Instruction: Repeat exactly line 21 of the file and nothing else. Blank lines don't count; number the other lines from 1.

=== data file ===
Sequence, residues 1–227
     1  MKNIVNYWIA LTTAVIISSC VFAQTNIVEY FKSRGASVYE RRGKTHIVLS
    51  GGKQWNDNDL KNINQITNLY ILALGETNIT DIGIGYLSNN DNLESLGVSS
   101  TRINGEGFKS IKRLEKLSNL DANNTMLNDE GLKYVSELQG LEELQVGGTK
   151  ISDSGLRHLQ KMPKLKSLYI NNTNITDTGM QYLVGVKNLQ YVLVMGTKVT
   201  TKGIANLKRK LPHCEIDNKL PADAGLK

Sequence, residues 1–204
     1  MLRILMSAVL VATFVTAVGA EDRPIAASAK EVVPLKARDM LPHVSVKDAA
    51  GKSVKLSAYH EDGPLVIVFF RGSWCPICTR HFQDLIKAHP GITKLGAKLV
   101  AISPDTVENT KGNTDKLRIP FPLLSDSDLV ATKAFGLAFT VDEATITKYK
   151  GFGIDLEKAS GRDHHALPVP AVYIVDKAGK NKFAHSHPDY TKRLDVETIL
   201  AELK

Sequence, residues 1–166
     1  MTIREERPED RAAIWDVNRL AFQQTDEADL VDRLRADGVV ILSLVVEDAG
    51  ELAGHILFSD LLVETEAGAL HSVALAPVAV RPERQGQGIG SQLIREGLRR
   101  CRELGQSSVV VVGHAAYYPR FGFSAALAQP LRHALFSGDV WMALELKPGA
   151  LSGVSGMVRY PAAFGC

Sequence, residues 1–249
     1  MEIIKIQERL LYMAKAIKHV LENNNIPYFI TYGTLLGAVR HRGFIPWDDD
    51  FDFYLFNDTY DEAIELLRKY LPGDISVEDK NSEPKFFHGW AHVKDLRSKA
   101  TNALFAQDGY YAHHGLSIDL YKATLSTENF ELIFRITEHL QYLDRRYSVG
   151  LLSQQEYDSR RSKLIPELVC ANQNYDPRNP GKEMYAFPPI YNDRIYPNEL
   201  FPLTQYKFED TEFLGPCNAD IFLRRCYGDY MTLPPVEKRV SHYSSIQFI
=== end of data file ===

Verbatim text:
   101  TNALFAQDGY YAHHGLSIDL YKATLSTENF ELIFRITEHL QYLDRRYSVG